As the construction industry starts to rebound from a down market, rentals of project equipment are on the rise. Whether you are an owner, principal contractor, or specialty trade subcontractor, you may very well be renting equipment for use on an upcoming project. Here are five important points to bear in mind:


1.    Do not accept the equipment without thoroughly inspecting it first. Failure to do a full, visual and utility inspection on a rental product could mean that you may be held responsible for existing damages or defects in the equipment. If damage is not documented prior to acceptance of equipment, it will be your word against the lessor’s—and the lessor is likely to have favorable contract language on its side. The best way to avoid this fight is to conduct a thorough inspection while recording (perhaps by taking digital photos) every aesthetic or operational issue with the equipment. Conduct the inspection in the presence of the lessor, provide the lessor with documentation or notes of all existing damage, and retain a copy of the documentation. Also be sure to reject the equipment if it does not appear to be fully functional.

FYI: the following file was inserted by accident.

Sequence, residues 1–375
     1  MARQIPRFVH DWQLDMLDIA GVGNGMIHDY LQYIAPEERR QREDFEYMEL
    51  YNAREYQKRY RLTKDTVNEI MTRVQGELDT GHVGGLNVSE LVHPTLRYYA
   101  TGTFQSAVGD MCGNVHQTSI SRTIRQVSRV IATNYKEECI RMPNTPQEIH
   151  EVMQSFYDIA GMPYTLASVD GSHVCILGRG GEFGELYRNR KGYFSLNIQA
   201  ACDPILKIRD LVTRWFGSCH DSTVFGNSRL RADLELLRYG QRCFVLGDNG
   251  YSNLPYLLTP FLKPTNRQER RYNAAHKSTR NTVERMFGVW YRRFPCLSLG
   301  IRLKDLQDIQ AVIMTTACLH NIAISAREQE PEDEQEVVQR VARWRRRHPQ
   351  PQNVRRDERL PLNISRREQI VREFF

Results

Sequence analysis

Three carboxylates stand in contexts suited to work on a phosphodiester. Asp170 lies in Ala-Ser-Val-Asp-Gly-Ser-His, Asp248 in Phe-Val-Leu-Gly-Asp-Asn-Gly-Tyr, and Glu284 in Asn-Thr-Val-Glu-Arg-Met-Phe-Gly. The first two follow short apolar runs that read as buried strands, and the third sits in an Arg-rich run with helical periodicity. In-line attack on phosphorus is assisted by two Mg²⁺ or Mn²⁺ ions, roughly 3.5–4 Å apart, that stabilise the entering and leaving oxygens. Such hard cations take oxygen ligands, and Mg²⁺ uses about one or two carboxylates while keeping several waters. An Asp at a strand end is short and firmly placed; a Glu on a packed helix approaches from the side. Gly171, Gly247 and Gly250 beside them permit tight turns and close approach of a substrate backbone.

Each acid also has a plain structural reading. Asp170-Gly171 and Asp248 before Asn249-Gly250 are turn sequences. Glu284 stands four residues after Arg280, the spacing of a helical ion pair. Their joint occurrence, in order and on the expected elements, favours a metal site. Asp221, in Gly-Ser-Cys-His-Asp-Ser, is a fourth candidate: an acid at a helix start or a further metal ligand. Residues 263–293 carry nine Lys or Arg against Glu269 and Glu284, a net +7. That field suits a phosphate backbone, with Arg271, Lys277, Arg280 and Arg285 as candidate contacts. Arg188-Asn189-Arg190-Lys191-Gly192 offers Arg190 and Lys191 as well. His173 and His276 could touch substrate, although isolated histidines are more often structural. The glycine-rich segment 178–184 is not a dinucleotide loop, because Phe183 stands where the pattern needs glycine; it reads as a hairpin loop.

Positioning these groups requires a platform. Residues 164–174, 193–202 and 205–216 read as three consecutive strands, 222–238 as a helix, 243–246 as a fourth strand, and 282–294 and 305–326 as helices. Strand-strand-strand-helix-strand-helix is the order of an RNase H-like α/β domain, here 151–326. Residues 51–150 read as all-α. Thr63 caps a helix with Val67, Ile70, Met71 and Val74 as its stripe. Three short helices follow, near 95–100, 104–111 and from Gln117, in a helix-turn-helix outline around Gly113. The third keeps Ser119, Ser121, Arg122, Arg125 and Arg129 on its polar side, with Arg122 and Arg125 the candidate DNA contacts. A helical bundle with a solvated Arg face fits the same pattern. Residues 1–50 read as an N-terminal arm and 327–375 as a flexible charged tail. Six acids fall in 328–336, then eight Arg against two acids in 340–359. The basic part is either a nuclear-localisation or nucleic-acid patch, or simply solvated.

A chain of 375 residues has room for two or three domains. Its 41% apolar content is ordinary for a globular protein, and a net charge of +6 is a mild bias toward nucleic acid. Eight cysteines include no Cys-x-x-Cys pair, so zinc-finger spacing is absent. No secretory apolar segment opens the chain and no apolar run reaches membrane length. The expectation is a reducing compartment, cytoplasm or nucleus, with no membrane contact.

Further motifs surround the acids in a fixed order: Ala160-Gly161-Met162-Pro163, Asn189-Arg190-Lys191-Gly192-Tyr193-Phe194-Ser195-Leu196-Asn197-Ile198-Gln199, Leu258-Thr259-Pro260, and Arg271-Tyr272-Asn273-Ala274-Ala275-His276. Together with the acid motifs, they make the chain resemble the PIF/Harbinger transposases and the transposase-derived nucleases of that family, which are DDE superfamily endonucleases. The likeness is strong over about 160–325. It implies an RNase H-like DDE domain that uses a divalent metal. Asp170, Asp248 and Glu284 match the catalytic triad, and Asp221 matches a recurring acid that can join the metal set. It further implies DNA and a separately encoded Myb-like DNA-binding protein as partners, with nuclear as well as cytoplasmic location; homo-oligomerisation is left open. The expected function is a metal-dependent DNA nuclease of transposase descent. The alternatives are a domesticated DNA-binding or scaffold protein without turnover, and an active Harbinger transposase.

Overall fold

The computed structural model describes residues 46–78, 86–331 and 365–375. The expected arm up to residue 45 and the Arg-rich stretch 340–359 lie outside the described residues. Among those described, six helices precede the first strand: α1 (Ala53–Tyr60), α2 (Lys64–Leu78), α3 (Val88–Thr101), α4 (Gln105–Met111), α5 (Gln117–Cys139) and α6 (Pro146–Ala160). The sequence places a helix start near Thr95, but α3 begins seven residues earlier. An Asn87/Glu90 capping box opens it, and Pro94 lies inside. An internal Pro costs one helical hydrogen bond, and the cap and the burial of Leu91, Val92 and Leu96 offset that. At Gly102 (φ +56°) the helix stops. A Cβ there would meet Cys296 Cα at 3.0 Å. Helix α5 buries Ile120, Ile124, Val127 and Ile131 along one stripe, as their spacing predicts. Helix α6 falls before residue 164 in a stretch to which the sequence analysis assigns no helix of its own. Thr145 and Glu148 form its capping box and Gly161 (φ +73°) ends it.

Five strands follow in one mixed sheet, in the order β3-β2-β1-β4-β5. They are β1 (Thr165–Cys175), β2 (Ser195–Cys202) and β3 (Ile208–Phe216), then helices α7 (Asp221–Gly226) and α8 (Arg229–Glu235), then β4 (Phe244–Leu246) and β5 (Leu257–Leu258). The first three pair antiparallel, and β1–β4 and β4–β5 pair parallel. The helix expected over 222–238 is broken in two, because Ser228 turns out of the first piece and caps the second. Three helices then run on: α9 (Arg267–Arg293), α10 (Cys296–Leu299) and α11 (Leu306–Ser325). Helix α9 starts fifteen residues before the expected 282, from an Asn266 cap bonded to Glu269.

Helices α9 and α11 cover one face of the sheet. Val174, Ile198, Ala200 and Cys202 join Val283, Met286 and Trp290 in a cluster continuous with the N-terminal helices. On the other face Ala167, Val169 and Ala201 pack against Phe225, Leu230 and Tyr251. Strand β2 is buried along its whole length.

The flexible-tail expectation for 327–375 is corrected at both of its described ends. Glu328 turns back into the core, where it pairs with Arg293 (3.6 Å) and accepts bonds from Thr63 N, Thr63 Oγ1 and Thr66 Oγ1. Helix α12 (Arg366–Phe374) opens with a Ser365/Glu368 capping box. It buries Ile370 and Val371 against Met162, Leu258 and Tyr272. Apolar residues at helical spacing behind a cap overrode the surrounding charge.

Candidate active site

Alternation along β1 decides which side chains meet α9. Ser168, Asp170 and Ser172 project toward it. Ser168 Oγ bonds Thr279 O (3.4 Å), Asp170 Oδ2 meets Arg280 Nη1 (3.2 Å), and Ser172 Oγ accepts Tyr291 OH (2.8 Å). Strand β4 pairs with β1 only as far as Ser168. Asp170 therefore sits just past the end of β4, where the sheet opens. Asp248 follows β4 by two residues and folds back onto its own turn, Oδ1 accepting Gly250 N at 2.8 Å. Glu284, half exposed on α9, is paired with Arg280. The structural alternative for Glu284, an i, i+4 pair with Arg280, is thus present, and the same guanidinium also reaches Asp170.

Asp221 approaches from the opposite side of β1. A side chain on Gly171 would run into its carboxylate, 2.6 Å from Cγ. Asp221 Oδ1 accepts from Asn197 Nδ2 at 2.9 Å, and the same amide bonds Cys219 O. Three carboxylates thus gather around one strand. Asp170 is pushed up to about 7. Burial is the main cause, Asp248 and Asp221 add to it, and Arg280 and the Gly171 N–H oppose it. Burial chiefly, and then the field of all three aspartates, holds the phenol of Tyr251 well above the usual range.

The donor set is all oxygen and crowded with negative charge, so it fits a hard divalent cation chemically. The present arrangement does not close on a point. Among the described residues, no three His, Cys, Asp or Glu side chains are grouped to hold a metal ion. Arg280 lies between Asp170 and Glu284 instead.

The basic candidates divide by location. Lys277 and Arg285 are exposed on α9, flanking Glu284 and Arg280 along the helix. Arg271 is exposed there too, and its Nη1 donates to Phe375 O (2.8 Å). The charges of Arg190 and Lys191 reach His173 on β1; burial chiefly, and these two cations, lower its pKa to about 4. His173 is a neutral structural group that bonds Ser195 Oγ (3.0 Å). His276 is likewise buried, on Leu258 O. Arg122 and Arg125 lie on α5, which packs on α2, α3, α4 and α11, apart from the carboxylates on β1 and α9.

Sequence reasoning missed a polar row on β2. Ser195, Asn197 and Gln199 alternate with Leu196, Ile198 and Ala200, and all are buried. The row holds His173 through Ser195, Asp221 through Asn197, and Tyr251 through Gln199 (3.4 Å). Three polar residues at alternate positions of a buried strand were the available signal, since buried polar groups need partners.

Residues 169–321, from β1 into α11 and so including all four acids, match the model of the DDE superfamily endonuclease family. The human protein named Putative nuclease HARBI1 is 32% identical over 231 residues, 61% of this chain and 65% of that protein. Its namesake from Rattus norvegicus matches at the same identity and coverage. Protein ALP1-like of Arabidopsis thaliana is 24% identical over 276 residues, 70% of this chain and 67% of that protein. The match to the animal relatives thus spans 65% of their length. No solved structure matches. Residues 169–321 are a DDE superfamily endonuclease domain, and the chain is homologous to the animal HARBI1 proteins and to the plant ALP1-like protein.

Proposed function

2.    Be sure to obtain insurance coverage for the rental, or confirm in writing that coverage is otherwise in place. Under the lease agreement, the renter is typically charged with the duty to obtain insurance coverage for the equipment, both in the name of the renter and the lessor. Failure to have required coverage in place pursuant to the terms of a lease agreement will mean that you are responsible for casualty or loss to the equipment.

3.    Make sure your operating team is well-trained on the equipment’s maintenance. Required maintenance will often be spelled out succinctly in the rental agreement. If so, be sure to train your team to abide by it. If not, ask the lessor for its suggested maintenance in writing. If you fail to conduct required maintenance, the equipment may be damaged and you will be stuck with a hefty repair bill, or worse, you may be forced to purchase it —whether you want it or not.

4.    Meet the scheduled equipment return deadlines. Per most rental agreements, you will be charged an entire extra day (or week or month, depending on the duration of the rental) if you fail to return the equipment by the allotted time set forth in the contract. For large pieces of machinery, this could mean a significant price.

5.    If the equipment runs on gas or diesel, return it with a full tank. Much like national car rental companies, an equipment lessor can charge you significantly enhanced amounts for fuel if you neglect to “gas up” before
you return a piece of construction equipment. These amounts can add up and hurt your bottom line if your project teams are consistently leaving the gas bill to the mercy of your lessors.

With these points in mind, rent wisely and build safely, timely, and well.